Friday, January 1, 2010

Striving for a Better World, Starting Now in 2010

An article of the December 2009 Economist entitled “Onwards and Upwards”, discusses the concept of "progress" by introducing the story “The Tragedy of Man” an 1862 allegory by Hungarian writer Imre Madach. The cautionary tale follows the expulsion of Adam and Eve from Eden as told from Adam’s perspective--a man’s perspective. Adam boasts peevishly: “My God is me; whatever I regain [of Eden] is mine...”

The tale plays out a little like the Ghost of Things to Come segment in Charles Dickens’ A Christmas Carol. The three main characters of Adam, Lucifer and Eve, travel through time to visit turning points in our history. Lucifer easily convinces Adam that life will prove meaningless and mankind is doomed. Adam and Lucifer appear at the beginning of each scene, with Adam assuming various important historical roles and Lucifer usually acting as a servant or confidant. Eve enters only later in each scene, playing a minor role.

As we move through time, Adam glimpses the glory of the Egyptian pyramids only to discover that they were built on the misery of slaves. Rejecting slavery, he advances to Greek democracy only to see heroes condemned, and turns to the worldly pleasures of hedonistic Rome. Sated but ironically empty, he seeks the chivalry of the knights crusader only to witness their debauchery and hypocrisy. He turns to equality and the rights of man only to see it curdle into Terror under Robespierre. He embraces individual liberty, which crumbles under the greed of Georgian London financiers. Finally, at the twilight of humanity, a scientific “utopia” dictates that Michelangelo make chair-legs and Plato herd cows because art and philosophy are not considered useful.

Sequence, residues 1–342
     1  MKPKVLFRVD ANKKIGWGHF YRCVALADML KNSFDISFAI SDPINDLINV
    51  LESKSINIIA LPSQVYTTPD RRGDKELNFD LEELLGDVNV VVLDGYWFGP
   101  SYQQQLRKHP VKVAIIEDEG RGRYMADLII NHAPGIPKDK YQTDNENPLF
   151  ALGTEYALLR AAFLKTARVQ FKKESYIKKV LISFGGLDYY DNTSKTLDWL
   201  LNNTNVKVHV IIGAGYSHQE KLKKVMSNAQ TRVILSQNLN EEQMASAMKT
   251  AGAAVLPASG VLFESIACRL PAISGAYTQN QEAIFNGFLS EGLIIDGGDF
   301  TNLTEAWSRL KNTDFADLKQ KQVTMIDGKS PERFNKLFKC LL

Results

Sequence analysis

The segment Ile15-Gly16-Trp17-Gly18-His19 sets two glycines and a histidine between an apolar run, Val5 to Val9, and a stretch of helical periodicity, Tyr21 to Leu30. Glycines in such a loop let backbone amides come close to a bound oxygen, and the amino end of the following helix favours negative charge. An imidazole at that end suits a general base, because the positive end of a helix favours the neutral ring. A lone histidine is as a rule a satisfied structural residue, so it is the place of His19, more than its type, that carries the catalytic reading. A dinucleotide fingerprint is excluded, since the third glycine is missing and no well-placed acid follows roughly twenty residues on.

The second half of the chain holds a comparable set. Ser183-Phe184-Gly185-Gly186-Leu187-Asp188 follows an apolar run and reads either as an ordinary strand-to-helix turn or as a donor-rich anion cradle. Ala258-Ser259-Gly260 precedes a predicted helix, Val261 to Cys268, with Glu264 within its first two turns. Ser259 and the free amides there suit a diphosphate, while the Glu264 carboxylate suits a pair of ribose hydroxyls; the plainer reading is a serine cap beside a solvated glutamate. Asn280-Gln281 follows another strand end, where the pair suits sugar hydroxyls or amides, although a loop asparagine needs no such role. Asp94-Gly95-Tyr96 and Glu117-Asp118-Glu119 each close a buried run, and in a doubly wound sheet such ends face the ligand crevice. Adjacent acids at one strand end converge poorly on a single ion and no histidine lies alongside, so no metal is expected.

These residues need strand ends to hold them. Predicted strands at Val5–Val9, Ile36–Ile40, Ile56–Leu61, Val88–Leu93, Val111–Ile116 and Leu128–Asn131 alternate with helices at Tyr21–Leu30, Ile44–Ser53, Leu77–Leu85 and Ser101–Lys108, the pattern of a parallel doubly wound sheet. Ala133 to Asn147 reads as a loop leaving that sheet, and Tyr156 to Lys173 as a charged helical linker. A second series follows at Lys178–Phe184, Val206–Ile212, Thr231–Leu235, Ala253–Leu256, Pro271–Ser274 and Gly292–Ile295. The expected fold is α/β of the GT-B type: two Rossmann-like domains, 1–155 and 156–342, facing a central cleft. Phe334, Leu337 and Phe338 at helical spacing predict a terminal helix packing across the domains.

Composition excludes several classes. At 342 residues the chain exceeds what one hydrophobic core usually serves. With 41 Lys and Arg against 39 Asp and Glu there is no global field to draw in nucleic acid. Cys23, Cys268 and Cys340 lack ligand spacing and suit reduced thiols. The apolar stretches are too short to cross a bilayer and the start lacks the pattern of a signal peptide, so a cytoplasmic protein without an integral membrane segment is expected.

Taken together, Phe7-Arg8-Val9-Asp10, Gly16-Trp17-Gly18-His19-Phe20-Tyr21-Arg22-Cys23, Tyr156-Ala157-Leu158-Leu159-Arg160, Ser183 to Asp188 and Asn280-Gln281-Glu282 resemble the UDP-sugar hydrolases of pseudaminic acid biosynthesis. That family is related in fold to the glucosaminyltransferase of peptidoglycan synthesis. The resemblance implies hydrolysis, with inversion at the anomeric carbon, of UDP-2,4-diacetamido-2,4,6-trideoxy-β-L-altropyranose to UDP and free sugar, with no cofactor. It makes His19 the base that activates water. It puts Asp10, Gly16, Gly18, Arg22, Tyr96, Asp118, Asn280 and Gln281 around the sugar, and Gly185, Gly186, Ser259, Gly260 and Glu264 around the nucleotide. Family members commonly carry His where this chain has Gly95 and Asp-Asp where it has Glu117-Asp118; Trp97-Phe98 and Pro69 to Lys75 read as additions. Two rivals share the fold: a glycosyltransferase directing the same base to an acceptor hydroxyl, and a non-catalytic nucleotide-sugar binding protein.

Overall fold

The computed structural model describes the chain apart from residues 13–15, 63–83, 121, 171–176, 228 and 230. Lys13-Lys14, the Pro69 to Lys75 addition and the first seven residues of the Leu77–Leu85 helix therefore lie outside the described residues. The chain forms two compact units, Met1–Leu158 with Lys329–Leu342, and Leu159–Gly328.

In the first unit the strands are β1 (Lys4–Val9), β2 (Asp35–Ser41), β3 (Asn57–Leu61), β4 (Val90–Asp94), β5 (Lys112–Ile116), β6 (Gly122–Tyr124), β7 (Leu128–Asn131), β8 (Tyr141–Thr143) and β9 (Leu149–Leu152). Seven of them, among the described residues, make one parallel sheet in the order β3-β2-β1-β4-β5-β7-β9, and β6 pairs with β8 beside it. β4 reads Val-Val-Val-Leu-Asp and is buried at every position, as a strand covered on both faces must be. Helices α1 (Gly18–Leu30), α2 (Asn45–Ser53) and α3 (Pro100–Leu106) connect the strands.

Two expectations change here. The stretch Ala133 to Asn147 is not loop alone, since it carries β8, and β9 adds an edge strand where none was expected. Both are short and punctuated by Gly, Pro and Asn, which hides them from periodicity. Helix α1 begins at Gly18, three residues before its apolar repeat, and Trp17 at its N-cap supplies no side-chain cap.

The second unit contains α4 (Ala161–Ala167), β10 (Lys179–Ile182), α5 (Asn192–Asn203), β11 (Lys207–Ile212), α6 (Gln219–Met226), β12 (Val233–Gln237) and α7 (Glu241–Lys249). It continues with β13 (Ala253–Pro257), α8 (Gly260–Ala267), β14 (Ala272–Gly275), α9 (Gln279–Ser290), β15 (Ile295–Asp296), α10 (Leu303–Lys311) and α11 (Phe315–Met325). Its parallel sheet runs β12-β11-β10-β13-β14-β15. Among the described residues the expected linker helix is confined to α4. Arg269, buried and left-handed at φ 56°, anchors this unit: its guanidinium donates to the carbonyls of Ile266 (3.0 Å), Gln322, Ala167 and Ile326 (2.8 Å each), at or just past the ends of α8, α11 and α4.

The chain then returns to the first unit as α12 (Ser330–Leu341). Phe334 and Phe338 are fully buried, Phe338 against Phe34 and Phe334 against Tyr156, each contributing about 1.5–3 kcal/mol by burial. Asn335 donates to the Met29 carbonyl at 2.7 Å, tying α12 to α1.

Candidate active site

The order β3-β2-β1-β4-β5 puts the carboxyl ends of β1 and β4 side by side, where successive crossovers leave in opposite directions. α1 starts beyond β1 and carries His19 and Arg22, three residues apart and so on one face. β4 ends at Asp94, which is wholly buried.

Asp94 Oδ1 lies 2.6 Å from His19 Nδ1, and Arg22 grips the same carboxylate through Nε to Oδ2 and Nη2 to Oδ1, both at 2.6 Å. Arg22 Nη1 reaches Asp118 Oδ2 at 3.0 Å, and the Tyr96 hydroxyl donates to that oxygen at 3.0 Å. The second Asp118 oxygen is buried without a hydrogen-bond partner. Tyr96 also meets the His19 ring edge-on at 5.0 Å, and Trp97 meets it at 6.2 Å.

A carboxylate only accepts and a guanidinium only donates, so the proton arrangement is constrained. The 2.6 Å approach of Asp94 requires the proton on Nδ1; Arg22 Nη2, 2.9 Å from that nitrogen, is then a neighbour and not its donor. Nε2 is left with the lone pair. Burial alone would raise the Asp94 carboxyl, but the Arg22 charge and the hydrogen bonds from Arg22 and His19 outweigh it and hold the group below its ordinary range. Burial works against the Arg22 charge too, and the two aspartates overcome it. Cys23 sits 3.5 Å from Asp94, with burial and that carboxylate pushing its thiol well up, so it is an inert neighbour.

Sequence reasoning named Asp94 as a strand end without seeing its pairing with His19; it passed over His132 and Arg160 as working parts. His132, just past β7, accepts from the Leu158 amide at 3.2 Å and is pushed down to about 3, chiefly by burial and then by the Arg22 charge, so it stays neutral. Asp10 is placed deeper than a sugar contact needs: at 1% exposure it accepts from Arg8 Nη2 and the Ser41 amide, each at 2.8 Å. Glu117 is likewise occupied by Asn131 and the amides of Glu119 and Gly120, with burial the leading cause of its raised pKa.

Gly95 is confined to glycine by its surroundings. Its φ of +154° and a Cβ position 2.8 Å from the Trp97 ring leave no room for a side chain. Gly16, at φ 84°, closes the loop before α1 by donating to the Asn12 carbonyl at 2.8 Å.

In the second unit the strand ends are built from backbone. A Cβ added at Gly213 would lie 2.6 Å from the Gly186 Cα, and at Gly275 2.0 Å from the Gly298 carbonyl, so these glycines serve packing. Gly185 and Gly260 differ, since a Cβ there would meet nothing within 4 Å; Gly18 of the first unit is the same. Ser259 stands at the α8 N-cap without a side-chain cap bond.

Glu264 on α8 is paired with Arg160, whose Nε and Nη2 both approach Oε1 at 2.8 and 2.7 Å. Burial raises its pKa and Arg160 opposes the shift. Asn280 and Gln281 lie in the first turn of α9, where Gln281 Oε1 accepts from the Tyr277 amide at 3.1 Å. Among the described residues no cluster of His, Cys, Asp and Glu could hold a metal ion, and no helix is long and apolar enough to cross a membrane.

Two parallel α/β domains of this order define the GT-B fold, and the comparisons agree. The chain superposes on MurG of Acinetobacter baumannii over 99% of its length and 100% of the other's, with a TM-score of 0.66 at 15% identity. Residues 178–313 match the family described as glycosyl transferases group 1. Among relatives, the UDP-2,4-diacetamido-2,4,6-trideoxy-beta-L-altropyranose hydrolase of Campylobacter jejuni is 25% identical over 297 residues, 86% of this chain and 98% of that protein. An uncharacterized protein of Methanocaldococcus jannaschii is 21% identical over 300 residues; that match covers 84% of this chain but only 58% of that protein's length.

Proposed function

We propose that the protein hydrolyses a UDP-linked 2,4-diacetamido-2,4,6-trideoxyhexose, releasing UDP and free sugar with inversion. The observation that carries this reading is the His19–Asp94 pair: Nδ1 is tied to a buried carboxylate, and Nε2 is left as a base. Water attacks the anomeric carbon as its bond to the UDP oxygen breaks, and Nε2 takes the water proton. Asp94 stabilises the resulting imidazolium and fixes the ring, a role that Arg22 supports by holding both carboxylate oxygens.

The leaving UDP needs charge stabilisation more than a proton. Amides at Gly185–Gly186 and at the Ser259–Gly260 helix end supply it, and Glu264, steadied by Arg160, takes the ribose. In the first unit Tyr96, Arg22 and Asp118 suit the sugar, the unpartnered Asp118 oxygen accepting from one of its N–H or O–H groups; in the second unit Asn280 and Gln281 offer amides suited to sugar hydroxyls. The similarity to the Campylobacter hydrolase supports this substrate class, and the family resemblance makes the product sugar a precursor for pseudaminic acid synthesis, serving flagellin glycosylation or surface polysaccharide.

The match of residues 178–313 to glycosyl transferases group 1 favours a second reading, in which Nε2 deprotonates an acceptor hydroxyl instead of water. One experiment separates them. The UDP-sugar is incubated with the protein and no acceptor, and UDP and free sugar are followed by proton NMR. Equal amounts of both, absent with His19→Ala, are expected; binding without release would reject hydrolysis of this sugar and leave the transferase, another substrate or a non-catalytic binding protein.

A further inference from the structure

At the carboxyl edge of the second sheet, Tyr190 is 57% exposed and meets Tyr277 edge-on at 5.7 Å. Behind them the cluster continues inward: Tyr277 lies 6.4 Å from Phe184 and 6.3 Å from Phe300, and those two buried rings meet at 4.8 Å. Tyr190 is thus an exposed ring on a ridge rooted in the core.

At the end of Madach's poem, Adam stands suicidal at the precipice of “the end of time” ready to throw himself off the cliff, having witnessed that man has no guiding principle except violence and greed. Adam pleads with Lucifer, “Let me see no more of my harsh fate: this useless struggle.” Then Eve approaches him with news that she carries their child. And God counsels him to change his perspective and not reckon his accomplishments on a cosmic scale. "For if you saw your transient, earthly life set in dimensions of eternity, there wouldn't be any virtue in endurance...It is human virtues I want, human greatness."

I'm not sure why I find this end and "God's parting message" a little lame and his definition of "man" (and I include every living being) rather limiting.

Perhaps it is because I am a woman and this remains in some important ways very much a man's story. Eve's role in the tale is deligated to that of "supporting actress" and one of simply providing progeny (though one could take that metaphor and soar with its possibilities. And it is her news that turns Adam around). Where is the woman's perspective--and her true contribution--in the story? Where do we see compassion in the face of adversity? Where do we see hope in the midst of despair? Where do we see cooperation among "competitors" and a solution -- and alternative -- to violence and war.

Perhaps it is because I believe that divinity dwells inside each of us and we are all destined to become more than we are. I don't mean this in a hubristic way like Adam's boastful challenge. I am not talking about the power or greatness of wealth or technology or pedigree or race or belief.

Perhaps it is because I believe in the "higher self" that resides inside each of us and guides our moral progress to become better individuals, and accounting for why people are willing to suffer for their beliefs and sacrifice something of themselves for the well being of all other beings and things through moral sensibility.

Perhaps it is because I believe in heroes and moral courage (see my Christmas post), in divine destiny, universal intelligence and the power of love.
Madach's dramatic poem remains a classic. The Publisher's Weekly says, "Madach passionately examines such themes as human destiny, the illusory nature of free choice and the inability of science and technology to deal with moral issues." But, it was written in 1862. Where are our modern allegories?